Norway has issued one of the most restrictive entry rules since the start of the pandemic. It was only from June that a relief and opening-up emerged. But after the incidents on the Hurtigruten ship Roald Amundsen, the Norwegian government had imposed a ban on cruise ships of 100 or more. This meant that ships with more than 100 people on board, passengers and crew, are not allowed to land in Norwegian ports or on Norwegian soil. This included Svalbard. Day tourism and smaller ships were able to offer their tours there. But as the number of COVID-19 cases rose again in Europe and around the world, the list of countries allowed to enter Norway without quarantine has become smaller and smaller. Now the government in Oslo has tightened the screw again and imposed a ban on ships over 30 people on Svalbard.
The Norwegian government’s move was published in a press release. The Minister of Health, Bent Høie, stated that, after assesing the situation, the Ministry of Health considered it necessary to introduce a ban on the implementation of tourism activities in the form of cruises on Svalbard. “Infection on board a cruise ship requires large resources to limit the outbreak, and entails a number of practical challenges. This is especially true in Svalbard, where cruise operations involve special challenges for both health and rescue preparedness. Therefore, it is necessary with a rule change that lowers the risk of a similar outbreak as on the Hurtigruten,” the minister writes. The ban is expected to remain in force until November 1.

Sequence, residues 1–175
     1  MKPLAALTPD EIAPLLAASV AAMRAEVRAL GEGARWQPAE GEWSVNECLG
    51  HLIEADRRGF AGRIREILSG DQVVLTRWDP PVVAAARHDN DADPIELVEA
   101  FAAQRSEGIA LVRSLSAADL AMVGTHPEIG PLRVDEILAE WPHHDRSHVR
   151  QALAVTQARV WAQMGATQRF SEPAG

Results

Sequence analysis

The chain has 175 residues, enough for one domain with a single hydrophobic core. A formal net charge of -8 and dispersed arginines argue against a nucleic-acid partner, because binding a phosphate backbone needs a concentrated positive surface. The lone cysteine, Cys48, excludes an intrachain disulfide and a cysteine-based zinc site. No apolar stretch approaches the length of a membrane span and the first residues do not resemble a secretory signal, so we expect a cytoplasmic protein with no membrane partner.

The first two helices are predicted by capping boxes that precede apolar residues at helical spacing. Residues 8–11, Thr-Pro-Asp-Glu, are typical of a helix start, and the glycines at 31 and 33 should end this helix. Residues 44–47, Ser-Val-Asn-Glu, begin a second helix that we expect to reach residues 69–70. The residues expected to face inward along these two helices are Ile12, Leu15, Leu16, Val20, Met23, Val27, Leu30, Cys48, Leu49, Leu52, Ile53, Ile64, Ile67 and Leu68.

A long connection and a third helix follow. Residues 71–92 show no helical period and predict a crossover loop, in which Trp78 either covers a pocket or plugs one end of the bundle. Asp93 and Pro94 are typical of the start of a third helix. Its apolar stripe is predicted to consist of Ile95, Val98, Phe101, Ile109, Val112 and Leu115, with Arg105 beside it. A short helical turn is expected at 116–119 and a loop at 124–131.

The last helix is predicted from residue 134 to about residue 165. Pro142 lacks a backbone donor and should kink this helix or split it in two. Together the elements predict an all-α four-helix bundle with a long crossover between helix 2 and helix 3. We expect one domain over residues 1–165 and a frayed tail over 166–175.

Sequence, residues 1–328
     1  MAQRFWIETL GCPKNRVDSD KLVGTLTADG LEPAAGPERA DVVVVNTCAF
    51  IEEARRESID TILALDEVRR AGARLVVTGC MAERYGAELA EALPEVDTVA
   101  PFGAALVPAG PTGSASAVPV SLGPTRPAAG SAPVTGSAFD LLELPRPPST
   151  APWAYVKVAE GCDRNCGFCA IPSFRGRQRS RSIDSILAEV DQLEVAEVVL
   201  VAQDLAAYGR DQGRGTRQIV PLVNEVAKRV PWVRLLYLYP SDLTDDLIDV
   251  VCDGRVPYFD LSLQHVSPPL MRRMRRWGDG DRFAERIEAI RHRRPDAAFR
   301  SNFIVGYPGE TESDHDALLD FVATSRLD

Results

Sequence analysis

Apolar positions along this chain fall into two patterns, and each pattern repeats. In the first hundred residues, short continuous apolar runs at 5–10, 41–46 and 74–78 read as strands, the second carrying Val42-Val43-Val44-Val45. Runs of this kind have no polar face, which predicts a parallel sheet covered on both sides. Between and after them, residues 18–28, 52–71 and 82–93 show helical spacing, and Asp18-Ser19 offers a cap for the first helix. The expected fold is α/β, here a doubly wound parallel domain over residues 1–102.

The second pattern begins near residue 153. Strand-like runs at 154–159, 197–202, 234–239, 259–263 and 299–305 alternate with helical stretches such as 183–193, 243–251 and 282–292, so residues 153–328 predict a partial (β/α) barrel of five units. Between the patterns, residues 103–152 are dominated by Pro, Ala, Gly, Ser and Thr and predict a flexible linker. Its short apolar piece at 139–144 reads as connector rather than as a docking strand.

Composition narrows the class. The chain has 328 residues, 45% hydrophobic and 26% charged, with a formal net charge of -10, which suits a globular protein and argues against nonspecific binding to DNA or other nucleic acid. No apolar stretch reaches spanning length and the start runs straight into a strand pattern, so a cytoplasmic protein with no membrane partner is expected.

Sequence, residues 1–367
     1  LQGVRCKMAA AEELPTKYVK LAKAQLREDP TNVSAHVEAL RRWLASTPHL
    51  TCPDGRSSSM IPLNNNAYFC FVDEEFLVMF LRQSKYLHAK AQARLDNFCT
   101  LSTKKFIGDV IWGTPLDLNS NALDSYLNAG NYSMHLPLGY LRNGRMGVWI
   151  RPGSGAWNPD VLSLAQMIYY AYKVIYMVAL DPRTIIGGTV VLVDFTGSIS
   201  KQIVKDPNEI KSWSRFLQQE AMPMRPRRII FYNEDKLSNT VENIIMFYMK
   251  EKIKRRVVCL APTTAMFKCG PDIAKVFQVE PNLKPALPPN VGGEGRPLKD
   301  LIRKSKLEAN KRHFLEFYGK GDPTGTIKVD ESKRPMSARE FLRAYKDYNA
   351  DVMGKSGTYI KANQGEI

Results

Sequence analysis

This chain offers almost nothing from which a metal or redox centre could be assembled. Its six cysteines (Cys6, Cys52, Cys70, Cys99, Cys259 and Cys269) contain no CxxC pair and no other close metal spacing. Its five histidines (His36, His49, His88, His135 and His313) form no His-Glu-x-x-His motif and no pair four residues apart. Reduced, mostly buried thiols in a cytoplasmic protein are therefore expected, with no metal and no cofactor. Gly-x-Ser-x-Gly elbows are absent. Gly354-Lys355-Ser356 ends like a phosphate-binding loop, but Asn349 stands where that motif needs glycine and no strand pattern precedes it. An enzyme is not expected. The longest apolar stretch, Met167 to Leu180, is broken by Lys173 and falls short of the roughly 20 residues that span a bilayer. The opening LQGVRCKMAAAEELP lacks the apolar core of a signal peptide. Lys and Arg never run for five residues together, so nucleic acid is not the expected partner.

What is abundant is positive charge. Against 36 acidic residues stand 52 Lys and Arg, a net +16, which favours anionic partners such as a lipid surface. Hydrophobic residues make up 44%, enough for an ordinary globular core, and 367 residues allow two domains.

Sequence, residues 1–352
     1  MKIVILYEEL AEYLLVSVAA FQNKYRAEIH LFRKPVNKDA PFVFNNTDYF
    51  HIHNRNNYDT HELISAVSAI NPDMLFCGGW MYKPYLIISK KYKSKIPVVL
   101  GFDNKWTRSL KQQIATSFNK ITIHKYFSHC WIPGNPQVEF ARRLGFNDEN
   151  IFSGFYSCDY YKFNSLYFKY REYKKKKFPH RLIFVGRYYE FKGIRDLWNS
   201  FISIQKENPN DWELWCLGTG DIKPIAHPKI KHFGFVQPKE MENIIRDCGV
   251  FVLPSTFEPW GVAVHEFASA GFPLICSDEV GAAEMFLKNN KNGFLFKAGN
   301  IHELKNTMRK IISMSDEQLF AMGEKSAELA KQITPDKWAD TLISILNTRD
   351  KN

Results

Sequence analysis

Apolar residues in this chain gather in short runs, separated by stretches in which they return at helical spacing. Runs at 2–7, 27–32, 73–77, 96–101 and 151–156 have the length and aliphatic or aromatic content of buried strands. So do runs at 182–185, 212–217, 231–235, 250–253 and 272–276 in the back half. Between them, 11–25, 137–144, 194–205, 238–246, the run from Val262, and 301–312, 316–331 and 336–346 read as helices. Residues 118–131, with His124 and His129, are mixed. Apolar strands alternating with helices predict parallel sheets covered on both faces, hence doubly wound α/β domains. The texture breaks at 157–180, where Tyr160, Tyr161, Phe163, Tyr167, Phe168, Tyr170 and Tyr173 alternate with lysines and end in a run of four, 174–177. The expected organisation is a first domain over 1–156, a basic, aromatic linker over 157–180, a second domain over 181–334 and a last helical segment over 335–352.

The government is blaming the de facto outbreak of COVID cases on board the Hurtigruten ship “Roald Amundsen” at the end of July for the decision. After the outbreak, the Ministry of Health was asked to examine whether the Norwegian government’s rules and guidelines for cruises along the Norwegian coast should be changed. After the assessment and recommendation by the Ministry of Health to introduce a ban on cruises with some exceptions, the government followed this recommendation. The exception are day cruises and journeys from Longyearbyen to Longyearbyen with ships with a total of 30 people on board. The government also writes that an assessment of the situation will be carried out on a regular basis until November 1 in order to be able to make any amendments.
The government’s decision to further restrict cruise tourism on Svalbard is unlikely to meet with much appreciation. Marcel Schütz, Swiss founder and co-owner of Spitzbergen-Reisen AS, said in a telephone conversation: “I understand the rationale for this measure and it was also foreseeable. Here in Longyearbyen, our health options are limited. But we certainly don’t make leaps of joy.”. The announcement should also come as a surprise, as just a few weeks ago, both the Minister of Trade, Iselin Nybø, and the Minister of Justice, Monica Maeland, assured that the government would do its utmost to support tourism on Svalbard. However, both stressed that they had no free or gold cards to get the Longyearbyen business through the crisis. What is certain is that the current decision will not improve the situation.
Dr. Michael Wenger, PolarJournal AG
More on the subject: